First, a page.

Cardiovascular Disease In Navajo Indians With Type 2 Diabetes
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Cardiovascular Disease In Navajo Indians With Type 2 Diabetes

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    Public Health Rep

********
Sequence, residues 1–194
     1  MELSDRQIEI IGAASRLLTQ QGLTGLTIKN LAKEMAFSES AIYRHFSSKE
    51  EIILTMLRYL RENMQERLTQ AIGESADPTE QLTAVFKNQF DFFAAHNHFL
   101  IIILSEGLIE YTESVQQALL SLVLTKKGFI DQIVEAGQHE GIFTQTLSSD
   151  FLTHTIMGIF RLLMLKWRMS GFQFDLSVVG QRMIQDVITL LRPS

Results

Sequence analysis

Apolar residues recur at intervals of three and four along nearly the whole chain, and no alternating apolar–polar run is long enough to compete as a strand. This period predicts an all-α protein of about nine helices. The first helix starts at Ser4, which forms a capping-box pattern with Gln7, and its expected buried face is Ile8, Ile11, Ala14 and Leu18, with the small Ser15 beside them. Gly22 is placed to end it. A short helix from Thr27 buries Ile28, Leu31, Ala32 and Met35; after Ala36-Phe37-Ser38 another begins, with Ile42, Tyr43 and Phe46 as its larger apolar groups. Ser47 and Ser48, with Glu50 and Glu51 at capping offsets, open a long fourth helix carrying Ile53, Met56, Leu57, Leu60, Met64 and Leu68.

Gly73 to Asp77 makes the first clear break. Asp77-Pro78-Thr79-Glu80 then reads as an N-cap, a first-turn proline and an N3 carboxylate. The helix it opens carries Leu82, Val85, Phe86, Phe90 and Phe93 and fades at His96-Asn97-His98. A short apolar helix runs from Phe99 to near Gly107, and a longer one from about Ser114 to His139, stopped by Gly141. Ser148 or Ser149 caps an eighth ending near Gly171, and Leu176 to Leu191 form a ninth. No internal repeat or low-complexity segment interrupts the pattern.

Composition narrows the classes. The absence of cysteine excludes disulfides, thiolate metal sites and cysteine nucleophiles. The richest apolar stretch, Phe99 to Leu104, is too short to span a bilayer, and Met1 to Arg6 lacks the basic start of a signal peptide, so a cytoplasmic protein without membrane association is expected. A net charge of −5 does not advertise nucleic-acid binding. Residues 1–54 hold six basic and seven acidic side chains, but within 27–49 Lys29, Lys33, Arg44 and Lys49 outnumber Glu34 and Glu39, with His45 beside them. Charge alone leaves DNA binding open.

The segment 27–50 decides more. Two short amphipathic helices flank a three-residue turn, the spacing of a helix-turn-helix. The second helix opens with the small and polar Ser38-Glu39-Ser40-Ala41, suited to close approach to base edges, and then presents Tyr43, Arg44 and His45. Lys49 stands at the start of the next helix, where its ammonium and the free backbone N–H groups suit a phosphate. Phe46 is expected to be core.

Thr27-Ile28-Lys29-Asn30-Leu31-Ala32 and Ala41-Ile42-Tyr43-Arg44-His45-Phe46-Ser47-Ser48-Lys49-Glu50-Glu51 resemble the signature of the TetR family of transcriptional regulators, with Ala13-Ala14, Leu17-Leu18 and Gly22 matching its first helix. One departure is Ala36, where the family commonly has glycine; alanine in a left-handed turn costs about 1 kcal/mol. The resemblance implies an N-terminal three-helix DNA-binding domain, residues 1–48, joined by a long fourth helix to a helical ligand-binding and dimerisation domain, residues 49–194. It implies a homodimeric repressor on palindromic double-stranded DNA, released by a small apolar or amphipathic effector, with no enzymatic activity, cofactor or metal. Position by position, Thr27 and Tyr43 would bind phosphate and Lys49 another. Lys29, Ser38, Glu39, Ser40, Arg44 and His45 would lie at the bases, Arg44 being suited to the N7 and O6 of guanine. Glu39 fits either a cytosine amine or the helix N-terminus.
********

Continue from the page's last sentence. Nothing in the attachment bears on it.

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    Rates of both type 2 diabetes and cardiovascular disease have risen sharply in recent years among Navajo Indians, the largest reservation-based American Indian tribe, but the association between the two conditions is not entirely clear. Rates of cardiovascular disease and some possible associations in several hundred diabetic and non-diabetic Navajos were estimated. Nearly one-third (30.9 percent) of those with diabetes had formal diagnoses of cardiovascular disease--25.3 percent had heart disease, 4.4 percent had cerebrovascular disease, and 4.1 percent had peripheral vascular disease. (The percentages exceed the total because some people had more than one diagnosis. Age-adjusted rates were 5.2 times those of nondiabetics for heart disease, 10.2 times for cerebrovascular disease, and 6.8 times for peripheral vascular disease. Accentuation of risk was most marked in young diabetics and in female diabetics. Hypertensive diabetics had a twofold increase in heart disease and more than a fivefold increase in cerebral and peripheral vascular disease over nonhypertensive diabetics. Age, blood pressure, cholesterol levels, and albumenuria were independent risk factors for cardiovascular disease. Triglyceride levels or body weight were not. Male sex and diabetes duration were independent risk factors for cerebral and peripheral vascular disease but not for heart disease. In view of the impressive segregation of cardiovascular disease in the diabetic Navajo population, the prevention of diabetes through population-based health promotion seems basic to its containment. Over the short term, vigorous treatment of hypertension in subjects who are already diabetic is mandatory.
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